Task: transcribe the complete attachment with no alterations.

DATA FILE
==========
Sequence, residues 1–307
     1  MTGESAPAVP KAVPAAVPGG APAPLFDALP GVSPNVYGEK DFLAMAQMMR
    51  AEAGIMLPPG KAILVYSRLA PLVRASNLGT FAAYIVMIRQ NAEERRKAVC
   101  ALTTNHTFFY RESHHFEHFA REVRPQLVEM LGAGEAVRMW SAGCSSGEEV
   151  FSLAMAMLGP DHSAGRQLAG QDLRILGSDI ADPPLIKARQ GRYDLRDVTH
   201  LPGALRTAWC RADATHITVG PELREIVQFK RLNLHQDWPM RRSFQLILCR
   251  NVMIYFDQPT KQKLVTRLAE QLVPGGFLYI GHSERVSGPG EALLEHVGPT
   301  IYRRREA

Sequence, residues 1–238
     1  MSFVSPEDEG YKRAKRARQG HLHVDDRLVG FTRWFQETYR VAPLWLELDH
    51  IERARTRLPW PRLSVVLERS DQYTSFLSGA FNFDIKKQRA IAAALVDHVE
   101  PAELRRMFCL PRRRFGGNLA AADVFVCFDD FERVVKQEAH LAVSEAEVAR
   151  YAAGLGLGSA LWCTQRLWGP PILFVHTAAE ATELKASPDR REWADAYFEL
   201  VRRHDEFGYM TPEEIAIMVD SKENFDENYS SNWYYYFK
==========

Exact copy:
Sequence, residues 1–307
     1  MTGESAPAVP KAVPAAVPGG APAPLFDALP GVSPNVYGEK DFLAMAQMMR
    51  AEAGIMLPPG KAILVYSRLA PLVRASNLGT FAAYIVMIRQ NAEERRKAVC
   101  ALTTNHTFFY RESHHFEHFA REVRPQLVEM LGAGEAVRMW SAGCSSGEEV
   151  FSLAMAMLGP DHSAGRQLAG QDLRILGSDI ADPPLIKARQ GRYDLRDVTH
   201  LPGALRTAWC RADATHITVG PELREIVQFK RLNLHQDWPM RRSFQLILCR
   251  NVMIYFDQPT KQKLVTRLAE QLVPGGFLYI GHSERVSGPG EALLEHVGPT
   301  IYRRREA

Sequence, residues 1–238
     1  MSFVSPEDEG YKRAKRARQG HLHVDDRLVG FTRWFQETYR VAPLWLELDH
    51  IERARTRLPW PRLSVVLERS DQYTSFLSGA FNFDIKKQRA IAAALVDHVE
   101  PAELRRMFCL PRRRFGGNLA AADVFVCFDD FERVVKQEAH LAVSEAEVAR
   151  YAAGLGLGSA LWCTQRLWGP PILFVHTAAE ATELKASPDR REWADAYFEL
   201  VRRHDEFGYM TPEEIAIMVD SKENFDENYS SNWYYYFK